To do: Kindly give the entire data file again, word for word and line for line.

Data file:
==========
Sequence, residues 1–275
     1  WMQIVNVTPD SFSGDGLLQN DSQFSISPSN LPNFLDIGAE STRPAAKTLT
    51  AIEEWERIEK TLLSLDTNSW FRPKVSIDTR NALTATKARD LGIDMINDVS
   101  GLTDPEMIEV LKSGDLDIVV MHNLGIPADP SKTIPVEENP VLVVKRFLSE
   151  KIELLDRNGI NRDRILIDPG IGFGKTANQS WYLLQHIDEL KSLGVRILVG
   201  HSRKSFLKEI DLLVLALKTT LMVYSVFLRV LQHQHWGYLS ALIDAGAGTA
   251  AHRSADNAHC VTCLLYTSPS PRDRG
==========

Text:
Sequence, residues 1–275
     1  WMQIVNVTPD SFSGDGLLQN DSQFSISPSN LPNFLDIGAE STRPAAKTLT
    51  AIEEWERIEK TLLSLDTNSW FRPKVSIDTR NALTATKARD LGIDMINDVS
   101  GLTDPEMIEV LKSGDLDIVV MHNLGIPADP SKTIPVEENP VLVVKRFLSE
   151  KIELLDRNGI NRDRILIDPG IGFGKTANQS WYLLQHIDEL KSLGVRILVG
   201  HSRKSFLKEI DLLVLALKTT LMVYSVFLRV LQHQHWGYLS ALIDAGAGTA
   251  AHRSADNAHC VTCLLYTSPS PRDRG